With recalls abounding and the number of casualties climbing in the recent
Takata airbag crisis, it makes sense to take a look at the safety merit of airbags, their evolution
and what we can expect to see from them in the future.
The first airbags went into cars on an experimental basis in the early
1970s and several variations have made their way into production vehicles
since then. Initially, the airbags were too powerful and may have caused
more injuries than they hindered. But the technology behind airbags advanced
and so did the product. Thus, thousands of saved lives have been attributed
to frontal impact airbags.
However, airbags have significant limitations and only work in a way that
can save lives when impact comes from a limited range at the front and
front sides of a vehicle. Outside of whiplash, the most costly and common
car accident-related injury has been beneath the knees, in the bones through
the lower leg and foot. These cost time off of work as well as significant
medical expense to repair.
Some of the inefficiencies and seemingly glaring oversights left by automobile
manufactures have to do with the rear of the car and the precious cargo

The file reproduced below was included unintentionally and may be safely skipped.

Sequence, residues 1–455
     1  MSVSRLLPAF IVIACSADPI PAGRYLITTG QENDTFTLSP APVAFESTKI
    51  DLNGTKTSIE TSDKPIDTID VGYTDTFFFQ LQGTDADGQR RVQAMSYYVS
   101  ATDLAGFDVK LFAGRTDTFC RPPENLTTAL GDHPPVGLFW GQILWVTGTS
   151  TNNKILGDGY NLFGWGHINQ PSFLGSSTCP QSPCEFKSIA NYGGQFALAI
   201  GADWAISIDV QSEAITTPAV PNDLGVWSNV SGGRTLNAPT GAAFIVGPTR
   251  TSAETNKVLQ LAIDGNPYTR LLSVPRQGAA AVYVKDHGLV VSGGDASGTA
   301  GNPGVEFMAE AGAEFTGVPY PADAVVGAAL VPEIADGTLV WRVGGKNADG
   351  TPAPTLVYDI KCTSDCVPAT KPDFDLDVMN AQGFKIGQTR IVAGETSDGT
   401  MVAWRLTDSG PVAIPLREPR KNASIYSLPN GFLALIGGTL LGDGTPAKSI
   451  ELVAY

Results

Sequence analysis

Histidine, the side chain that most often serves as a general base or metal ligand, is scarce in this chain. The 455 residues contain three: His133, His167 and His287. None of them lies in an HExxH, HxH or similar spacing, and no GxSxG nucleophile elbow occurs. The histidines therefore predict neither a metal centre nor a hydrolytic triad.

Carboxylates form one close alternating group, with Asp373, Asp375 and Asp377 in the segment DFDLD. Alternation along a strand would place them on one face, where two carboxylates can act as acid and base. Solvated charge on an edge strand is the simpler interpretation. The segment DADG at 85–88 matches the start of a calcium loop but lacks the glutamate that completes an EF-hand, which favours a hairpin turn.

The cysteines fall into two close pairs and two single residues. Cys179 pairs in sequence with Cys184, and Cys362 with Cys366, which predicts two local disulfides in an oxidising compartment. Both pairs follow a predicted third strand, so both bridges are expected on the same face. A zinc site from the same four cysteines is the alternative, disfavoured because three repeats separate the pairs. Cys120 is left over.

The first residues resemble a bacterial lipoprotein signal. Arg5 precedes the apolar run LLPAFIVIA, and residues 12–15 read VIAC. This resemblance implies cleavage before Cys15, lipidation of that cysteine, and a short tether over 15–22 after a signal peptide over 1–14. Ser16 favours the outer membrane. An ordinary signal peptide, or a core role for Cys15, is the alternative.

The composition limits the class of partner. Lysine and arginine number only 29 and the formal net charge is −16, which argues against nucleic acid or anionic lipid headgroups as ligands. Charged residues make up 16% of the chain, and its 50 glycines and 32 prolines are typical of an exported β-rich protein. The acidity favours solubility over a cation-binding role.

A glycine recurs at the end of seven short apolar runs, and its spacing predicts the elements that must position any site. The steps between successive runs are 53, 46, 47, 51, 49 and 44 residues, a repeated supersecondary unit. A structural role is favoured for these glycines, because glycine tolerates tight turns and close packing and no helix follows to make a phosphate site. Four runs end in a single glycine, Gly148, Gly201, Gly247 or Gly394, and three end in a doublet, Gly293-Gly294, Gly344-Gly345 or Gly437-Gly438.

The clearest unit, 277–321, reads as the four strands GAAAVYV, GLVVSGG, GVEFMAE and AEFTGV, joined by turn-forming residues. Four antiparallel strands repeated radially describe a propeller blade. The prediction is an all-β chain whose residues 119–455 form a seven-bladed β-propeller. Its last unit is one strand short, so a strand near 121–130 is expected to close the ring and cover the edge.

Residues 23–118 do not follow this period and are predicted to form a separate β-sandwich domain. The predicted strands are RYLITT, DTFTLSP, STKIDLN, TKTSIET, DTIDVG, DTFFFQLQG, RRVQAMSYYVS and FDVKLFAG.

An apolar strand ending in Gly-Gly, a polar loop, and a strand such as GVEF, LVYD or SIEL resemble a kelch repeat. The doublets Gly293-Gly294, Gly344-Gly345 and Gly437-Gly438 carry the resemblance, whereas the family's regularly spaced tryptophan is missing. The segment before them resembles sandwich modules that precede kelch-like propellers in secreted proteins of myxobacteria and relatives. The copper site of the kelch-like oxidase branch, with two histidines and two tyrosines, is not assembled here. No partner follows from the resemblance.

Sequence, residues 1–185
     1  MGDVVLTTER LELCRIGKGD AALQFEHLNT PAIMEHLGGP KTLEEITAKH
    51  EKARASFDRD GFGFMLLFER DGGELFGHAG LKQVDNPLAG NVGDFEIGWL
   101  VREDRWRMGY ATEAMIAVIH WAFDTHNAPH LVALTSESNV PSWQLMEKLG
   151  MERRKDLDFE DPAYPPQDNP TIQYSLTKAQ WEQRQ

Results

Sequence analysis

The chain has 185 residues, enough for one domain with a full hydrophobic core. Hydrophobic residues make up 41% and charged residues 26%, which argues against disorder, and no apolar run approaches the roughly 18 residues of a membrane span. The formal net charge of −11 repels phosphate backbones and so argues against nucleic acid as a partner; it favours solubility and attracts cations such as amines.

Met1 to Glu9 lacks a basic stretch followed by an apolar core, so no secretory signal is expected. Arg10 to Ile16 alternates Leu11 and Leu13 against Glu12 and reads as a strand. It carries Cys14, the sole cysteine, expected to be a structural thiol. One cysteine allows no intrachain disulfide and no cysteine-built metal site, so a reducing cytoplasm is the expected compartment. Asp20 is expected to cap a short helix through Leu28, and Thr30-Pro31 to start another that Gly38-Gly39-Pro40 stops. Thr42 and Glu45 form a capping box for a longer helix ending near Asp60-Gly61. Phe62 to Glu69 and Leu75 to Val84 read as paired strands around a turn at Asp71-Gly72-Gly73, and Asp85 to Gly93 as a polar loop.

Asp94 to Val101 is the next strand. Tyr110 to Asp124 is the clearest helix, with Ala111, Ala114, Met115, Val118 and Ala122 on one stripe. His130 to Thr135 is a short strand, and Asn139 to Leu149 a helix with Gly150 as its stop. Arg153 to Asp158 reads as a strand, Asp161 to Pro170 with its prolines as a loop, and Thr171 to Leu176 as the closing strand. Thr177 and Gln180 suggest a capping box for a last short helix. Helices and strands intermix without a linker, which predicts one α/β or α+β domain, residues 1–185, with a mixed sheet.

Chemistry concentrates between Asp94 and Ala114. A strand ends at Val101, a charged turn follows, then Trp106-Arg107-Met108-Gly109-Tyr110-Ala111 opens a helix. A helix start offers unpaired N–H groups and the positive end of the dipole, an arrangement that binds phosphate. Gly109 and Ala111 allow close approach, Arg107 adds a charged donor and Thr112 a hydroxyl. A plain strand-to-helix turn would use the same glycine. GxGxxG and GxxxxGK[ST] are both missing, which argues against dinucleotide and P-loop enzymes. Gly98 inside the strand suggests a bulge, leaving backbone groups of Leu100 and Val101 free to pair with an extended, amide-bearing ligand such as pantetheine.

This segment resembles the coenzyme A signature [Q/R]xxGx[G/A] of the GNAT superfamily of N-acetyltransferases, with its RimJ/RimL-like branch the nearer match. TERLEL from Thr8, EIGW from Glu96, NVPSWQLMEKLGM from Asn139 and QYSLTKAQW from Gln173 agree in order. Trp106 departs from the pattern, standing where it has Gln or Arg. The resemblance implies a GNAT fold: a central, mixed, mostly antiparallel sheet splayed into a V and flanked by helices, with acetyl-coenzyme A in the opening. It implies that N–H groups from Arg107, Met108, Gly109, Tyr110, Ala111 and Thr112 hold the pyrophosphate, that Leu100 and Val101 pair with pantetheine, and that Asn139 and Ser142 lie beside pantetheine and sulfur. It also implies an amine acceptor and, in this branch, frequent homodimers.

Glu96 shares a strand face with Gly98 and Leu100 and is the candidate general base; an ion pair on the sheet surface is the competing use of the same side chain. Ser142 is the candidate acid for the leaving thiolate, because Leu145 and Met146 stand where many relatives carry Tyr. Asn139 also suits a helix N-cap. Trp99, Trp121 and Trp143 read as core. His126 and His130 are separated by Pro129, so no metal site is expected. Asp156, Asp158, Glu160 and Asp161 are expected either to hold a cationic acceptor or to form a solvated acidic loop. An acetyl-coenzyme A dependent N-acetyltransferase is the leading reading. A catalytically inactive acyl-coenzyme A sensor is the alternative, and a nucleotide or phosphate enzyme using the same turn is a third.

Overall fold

there that is in greater need of our protections. Decades have passed
and no production vehicles have any sort of rear airbag designed to protect
against frontal impacts. This is surprising, given our laws requiring
our children to remain in the backseat when they are at their most diminutive
sizes and weights. Testing of various frontal impact protections for backseat
passengers has been positive. Reports show that 60 percent of the impact
was absorbed by the airbags allowing passengers to fair far better.
The final two types of protection are the inflatabelt and the side-impact
airbag. Both are not heavily anticipated as becoming a staple in car safety.
There are liability fears around the inflatabelt and due to the side-impact
airbags issues with rapid deflation and ripping, it has proven ineffective
in multiple impacts or in rollover situations.
Still other airbags have been recommended for rear passenger seats and
even for pedestrian accidents.
With so many types of protection available, it is a testament to the response
time for the automobile industry that so few cars come equipped with the
types of devices proven to be most effective in their design to protect
and minimize injury.
If you have been injured in an
automobile accident and you were either unprotected by an airbag or were further damaged by
your airbag, you likely have a good case for compensation. A Texas attorney
well-versed in car accidents may be able to
advise you on your particular situation and the circumstance surrounding it.
Source: www.vehiclesafetyfirm.com, “Why Airbag Shortcomings Will Jeopardize
Vehicle Safety for the Next 10 Years,” E. Todd Tracy, May 17, 2016